NHS accused of ‘bullying’ hospitals due to scale of crisis

NHS leaders have been accused of downplaying the impact of the Covid crisis and scrutinizing hospitals for reporting critical incidents and delaying operations.

A leaked email calls on hospitals to use “correct terminology” and notify NHS leaders when reporting their status.

Sources said the message was a “thinly veiled threat” and that there was “subtle pressure” amid the rapid spread of the Omicron variant.

At least 25 trusts have reported critical incidents this week, including one in Northamptonshire on Friday afternoon, while new figures show a 59% rise in absenteeism in just seven days.

Trusts in London have been told hospitals will be investigated for reporting a critical incident if there is “doubt” about the decision, according to an internal email sent by NHS England on Wednesday.

In light of the media coverage, it would be “valuable” to “raise awareness of key terminology and encourage you to ensure you are clear…when considering a statement,” it said. “National oversight of the statement on incidents has been tightened…and [senior managers] In case of doubt about the status of an incident, an organization will have to conduct additional investigations.”

Shadow Health Secretary Wes Streeting said: “We know the NHS is under tremendous pressure and it is important that local trusts can be fair and open to Parliament and the public about the challenges they face. We are increasingly concerned that ministers will become more are more interested in covering up problems than in solving them.”

Daisy Cooper, the Lib Dem Health spokesperson, said: “This is an insult to every health professional who has given their all, and to every patient with canceled appointments and delayed surgeries.

“We have to trust health chiefs when they say a situation is critical. Every NHS patient and health professional can see for themselves that this is a health service struggling under the full weight of the Omicron wave. They need support, not suspicion.”

A source of confidence said the email came across as “bullying” and another in the Midlands said there was “subtle pressure” from NHS England not to report incidents – although hospital sources in other parts of the country said NHS England was supportive .

Another NHS source from a trust in the north of England, where the number of Covid patients in hospital is now approaching the peak of the second wave, said the message appeared to be a “thinly veiled threat”.

NHS England explained in its email that a critical incident occurs when “the level of disruption causes the organization to temporarily or permanently lose its ability to provide critical services, patients may have suffered harm or the environment is unsafe and requires special measures and support from other agencies to restore normal business functions.”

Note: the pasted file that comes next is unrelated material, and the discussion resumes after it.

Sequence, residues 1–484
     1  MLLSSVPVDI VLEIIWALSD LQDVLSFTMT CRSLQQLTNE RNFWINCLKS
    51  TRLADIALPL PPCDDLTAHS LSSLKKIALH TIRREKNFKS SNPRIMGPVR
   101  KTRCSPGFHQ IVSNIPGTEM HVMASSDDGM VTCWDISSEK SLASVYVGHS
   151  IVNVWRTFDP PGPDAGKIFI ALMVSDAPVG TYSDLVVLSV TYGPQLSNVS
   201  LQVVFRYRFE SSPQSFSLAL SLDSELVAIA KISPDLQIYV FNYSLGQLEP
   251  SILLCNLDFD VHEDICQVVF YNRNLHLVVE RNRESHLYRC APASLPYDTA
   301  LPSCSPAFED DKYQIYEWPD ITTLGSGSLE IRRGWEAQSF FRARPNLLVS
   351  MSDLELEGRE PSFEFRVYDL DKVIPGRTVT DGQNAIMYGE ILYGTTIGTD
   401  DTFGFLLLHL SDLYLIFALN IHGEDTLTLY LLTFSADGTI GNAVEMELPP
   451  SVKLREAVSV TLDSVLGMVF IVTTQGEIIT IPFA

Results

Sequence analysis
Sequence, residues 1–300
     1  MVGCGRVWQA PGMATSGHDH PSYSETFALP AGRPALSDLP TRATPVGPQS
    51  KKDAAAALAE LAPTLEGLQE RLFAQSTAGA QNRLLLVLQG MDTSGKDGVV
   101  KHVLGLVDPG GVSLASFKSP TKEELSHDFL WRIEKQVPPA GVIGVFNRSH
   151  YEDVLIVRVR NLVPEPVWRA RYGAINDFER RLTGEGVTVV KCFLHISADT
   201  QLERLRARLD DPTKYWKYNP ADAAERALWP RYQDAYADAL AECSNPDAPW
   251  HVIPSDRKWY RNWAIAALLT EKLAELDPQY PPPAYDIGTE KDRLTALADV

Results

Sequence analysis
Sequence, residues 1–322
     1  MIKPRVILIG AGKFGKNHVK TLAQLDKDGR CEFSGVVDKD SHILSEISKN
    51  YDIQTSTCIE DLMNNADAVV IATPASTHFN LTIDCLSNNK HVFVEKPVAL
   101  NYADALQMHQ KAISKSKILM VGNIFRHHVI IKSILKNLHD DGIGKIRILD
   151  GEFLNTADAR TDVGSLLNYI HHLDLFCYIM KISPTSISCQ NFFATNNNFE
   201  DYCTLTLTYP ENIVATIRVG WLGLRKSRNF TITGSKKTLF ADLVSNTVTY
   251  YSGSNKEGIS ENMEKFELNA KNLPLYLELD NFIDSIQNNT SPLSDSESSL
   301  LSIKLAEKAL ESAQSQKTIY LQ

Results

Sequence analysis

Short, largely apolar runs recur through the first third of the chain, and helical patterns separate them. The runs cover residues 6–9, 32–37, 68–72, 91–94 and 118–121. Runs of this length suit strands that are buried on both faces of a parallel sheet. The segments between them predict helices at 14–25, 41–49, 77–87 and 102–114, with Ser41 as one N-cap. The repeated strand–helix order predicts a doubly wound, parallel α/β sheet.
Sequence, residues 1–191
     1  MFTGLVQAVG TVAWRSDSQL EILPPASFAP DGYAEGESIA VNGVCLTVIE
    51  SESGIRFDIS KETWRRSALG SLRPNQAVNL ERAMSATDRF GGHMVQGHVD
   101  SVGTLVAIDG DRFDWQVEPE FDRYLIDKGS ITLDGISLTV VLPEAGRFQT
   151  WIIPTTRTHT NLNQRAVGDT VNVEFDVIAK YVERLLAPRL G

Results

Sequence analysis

A major incident – the next level – is anything that “poses a serious threat to the health of the community” or causes a level of casualties that requires special arrangements.

In a statement, an NHS spokesperson said: “It is absolutely correct that organizations use the definition of an incident consistently across the country so that appropriate support and mutual assistance can be provided when needed and so patient care can be maintained, and to suggesting that this email was sent for a different purpose is wrong.”

Concerns have also been raised that trusts are under pressure from NHS England to continue planned operations, with hospital leaders saying they are experiencing difficulties in stopping non-emergency services.

Senior hospital sources have warned national and regional NHS directors are putting pressure on them to “deliver” and maintain elective care despite rising staff shortages and have accused leaders of trying to “manage the message”.

A trust chief said: “We find that we have to go through a lot of processes to do away with electives and even then we don’t stop it completely.

“Some trusts are just doing it under the radar because they think they won’t get support, but we’re here on the ground and we know best what the situation is.

“The command and control position for emergencies” [from NHS England], is more about managing the message than about actually offering practical support.

“What really shocks me is how little is said about these issues, we are constantly focusing on how many people are infected and not how many people have waited and suffered damage from not getting an ambulance, how many people GP practices cannot provide routine service, how many patients are in the hospital that shouldn’t be there.”

“It really amazes me how little is said. It’s the way the regional and national communications teams behave to keep provider executives out of the media, as they may be headed by the Ministry of Health and Social Care and not want to spread this message.

A senior source at NHS Trust in the east of England said: “There are probably more trusts in the area of ​​reporting critical incidents than being advertised. There may be a significant number now on the brink, who have already clicked internally printed…

“The situation in the NHS feels quite tense, not only in terms of the pressure on services, but also the pressure on trusts to deliver.”

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